Are you considering a procedure to shape or increase the size of certain parts of your body? Beware of using injectable silicone for body contouring, or any other unapproved products to achieve your goals.
Injectable dermal fillers are medical devices regulated by the U.S. Food and Drug Administration. Although the FDA has approved certain injectable dermal fillers for use in the face (for example, to enhance lips and cheeks) and hands, no injectable filler is FDA-approved for large-scale body contouring or body enhancement.
That means you should never get an injectable filler as a breast filler, “butt filler,” or filler for spaces between your muscles. And you should never get any type of injectable filler for large-scale body contouring or enhancement. These kinds of uses can lead to serious injury, permanent scarring or disfigurement, and even death.
Check Before You Inject: 4 Safety Tips
Please consider the following advice.
- NEVER get any type of filler or liquid silicone injected for body contouring or enhancement. This means you should never get breast fillers, “butt” fillers, or fillers for spaces between your muscles. These products, which include certain types of injectable silicone, can be dangerous and can cause serious injury and even death.
- NEVER buy dermal fillers on the Internet. They may be fake, contaminated, or harmful.
- NEVER get injectable fillers from unlicensed providers or in non-medical settings like hotels or private homes.
- ALWAYS work with a licensed health care provider who uses FDA-approved products for treatments. Vials should be properly labeled and sealed. If your health care provider offers a procedure using a dermal filler that is much cheaper than similar procedures using FDA-approved dermal fillers, or if a product has labeling that looks strange or different than usual, beware.
More About the Dangers of Injectable Silicone—and the FDA’s Investigative Actions
The FDA is aware of cases in which unqualified providers—some posing as doctors or licensed healthcare practitioners—have injected illegal or unapproved body fillers like silicone or oils into patients.
Silicone is a liquid substance, and injectable silicone is permanent and stays in your body. Injectable silicone is different from silicone oil used in small amounts in the eyes or the silicone used in FDA-approved breast implants. That’s because the shell of a breast implant keeps silicone from moving throughout the body. But injectable silicone can move throughout the body and cause serious health consequences, including death.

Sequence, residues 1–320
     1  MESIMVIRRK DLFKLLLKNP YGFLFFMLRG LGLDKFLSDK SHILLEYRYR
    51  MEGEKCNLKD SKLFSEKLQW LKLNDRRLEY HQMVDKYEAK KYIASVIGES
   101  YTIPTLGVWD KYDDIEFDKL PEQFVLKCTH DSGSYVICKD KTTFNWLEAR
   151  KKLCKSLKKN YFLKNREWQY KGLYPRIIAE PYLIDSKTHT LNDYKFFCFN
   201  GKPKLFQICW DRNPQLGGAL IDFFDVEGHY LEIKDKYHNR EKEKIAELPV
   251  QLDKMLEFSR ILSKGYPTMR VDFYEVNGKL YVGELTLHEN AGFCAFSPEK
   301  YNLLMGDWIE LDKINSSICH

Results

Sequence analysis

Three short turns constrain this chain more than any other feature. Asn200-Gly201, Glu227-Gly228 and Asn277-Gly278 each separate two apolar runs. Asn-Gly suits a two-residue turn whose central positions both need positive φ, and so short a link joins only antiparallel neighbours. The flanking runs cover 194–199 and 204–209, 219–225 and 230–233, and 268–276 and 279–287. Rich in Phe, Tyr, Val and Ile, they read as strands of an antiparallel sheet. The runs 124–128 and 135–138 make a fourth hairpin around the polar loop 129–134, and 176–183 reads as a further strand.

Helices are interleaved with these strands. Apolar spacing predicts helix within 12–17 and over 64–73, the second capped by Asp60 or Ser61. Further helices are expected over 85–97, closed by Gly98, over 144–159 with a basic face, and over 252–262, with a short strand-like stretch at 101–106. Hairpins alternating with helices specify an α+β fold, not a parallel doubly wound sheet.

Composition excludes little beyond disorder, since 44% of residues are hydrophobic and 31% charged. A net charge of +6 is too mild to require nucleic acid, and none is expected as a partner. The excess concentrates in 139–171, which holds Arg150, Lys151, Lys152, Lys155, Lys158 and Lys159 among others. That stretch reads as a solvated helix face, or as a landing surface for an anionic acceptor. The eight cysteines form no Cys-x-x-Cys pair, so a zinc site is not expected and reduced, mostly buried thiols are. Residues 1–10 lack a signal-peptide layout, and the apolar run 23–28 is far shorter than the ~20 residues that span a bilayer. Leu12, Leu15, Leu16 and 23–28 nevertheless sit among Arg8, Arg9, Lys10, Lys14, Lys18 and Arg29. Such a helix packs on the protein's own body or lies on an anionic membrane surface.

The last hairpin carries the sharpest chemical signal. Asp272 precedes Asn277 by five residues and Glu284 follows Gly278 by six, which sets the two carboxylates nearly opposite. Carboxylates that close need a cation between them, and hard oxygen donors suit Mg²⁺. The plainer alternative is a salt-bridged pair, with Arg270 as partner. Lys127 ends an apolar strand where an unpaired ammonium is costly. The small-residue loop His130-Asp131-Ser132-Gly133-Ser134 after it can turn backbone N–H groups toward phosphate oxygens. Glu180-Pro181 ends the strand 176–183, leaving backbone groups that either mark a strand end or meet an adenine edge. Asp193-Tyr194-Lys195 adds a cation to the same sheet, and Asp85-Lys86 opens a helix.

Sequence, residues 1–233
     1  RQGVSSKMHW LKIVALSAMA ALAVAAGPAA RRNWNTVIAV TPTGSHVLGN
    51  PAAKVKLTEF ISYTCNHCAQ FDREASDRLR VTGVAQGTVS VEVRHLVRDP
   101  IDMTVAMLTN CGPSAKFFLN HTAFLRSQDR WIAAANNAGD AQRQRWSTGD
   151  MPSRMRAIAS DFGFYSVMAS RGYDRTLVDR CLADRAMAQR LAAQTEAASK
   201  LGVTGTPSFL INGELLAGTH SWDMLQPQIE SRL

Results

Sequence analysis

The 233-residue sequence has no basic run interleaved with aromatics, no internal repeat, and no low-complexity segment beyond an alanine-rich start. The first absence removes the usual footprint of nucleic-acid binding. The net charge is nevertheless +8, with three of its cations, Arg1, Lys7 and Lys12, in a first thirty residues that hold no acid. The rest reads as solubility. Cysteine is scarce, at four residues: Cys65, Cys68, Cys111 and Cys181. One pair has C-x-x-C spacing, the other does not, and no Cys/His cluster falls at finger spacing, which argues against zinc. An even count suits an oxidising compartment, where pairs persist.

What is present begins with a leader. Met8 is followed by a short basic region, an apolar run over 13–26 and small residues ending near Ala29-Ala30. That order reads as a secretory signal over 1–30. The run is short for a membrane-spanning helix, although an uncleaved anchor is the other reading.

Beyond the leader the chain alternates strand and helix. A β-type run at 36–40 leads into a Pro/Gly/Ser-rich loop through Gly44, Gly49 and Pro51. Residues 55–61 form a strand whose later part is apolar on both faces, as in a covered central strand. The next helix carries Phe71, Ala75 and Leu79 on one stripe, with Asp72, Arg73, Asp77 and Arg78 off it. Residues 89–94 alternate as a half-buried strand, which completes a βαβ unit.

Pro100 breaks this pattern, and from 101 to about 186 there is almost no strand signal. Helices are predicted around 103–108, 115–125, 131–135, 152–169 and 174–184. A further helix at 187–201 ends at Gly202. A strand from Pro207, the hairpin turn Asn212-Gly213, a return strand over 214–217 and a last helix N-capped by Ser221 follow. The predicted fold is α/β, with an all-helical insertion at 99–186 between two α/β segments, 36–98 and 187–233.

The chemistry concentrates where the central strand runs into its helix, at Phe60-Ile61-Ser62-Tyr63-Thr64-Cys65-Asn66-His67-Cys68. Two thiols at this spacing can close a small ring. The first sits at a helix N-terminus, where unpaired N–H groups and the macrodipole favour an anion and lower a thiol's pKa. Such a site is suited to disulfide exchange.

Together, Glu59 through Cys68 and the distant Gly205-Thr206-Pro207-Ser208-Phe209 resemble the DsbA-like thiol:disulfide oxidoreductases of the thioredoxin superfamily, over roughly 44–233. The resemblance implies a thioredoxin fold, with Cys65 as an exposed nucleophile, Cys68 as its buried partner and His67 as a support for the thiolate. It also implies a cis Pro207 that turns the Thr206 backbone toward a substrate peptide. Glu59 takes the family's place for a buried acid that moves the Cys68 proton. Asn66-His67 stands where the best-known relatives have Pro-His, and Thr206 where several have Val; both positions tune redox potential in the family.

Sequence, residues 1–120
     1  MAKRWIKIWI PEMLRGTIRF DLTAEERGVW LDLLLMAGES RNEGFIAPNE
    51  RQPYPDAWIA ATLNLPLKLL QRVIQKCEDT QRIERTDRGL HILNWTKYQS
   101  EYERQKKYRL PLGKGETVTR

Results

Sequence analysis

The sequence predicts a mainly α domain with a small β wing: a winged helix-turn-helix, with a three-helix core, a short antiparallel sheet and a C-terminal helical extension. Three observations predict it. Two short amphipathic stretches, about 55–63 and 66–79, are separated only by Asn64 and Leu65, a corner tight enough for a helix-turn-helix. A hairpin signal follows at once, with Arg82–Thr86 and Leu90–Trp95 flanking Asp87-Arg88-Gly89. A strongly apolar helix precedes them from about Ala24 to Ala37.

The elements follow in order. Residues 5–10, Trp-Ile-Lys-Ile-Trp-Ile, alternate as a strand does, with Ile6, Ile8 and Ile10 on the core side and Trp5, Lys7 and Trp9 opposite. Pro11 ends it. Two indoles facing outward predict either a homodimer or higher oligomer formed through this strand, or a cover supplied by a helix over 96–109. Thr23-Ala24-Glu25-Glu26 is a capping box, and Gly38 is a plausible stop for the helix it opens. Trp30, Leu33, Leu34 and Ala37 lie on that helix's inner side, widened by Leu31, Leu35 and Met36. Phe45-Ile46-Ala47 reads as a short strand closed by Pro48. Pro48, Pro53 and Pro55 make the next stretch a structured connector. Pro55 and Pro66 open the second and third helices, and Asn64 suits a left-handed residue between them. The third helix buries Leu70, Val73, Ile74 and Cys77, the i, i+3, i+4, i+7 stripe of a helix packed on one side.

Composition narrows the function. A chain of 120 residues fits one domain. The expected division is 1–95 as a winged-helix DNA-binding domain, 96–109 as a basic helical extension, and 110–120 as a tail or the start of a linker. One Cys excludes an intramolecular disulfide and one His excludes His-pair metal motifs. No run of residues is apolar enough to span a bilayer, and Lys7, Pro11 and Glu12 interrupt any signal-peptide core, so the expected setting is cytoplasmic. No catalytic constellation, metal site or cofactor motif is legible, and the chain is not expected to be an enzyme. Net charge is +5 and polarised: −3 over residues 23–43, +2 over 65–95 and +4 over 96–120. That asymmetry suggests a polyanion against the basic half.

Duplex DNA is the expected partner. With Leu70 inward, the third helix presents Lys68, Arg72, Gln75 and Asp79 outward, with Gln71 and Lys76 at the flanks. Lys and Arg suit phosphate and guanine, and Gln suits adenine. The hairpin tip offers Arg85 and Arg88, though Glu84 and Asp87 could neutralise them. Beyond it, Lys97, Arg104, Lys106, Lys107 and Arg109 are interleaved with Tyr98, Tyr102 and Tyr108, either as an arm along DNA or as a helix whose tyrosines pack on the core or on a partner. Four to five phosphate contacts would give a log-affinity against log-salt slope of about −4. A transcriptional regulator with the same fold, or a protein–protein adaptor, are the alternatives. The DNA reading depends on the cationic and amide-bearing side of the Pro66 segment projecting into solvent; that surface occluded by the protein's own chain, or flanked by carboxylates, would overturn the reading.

In fact, when injected into areas with many blood vessels such as the buttocks (“butt”), silicone can travel through those vessels to other parts of the body and block blood vessels in the lungs, heart, or brain. This can cause a stroke or even death. Large-scale injectable silicone for body contouring and enhancement can also result in a painful and hard, gravel-like substance that stays permanently beneath the skin.
Side effects can occur even years after treatment. And multiple medical and surgical interventions are sometimes needed to treat symptoms years after initial injection. Even then, patients may continue to have serious side effects that require ongoing treatment.
The FDA also is aware that some consumers have been falsely told that they were receiving an FDA-approved dermal filler, but they were actually injected with silicone or another unapproved product for body contouring. You should know that these practices are dangerous and that people who received these dangerous injections have died or been seriously injured. The FDA has investigated numerous criminal cases involving unapproved dermal fillers, and many have resulted in successful prosecutions.
In addition, the FDA is aware of and concerned about the use of counterfeit (“fake”) versions of dermal fillers that have not been FDA reviewed or approved for any purpose. The FDA continues to take investigative action on these cases as well and has warned health care providers and patients not to use these counterfeit products because the FDA cannot make sure they are safe or effective.
You can learn more about this topic in the FDA’s 2017 Safety Communication, and learn more about FDA-approved dermal fillers by reading “Filling in Wrinkles Safely.”
And you can find additional information for patients, including more details on FDA recommendations, on the agency’s Dermal Fillers web page.
Also know that the FDA continues to monitor reports of complaints about injectable silicone and other unapproved products, and the agency’s Office of Criminal Investigations works to prevent providers from harming people by using dangerous products in body contouring procedures.
If you’d like to report suspected criminal activity related to FDA-regulated products, you can make a report on the FDA’s website.
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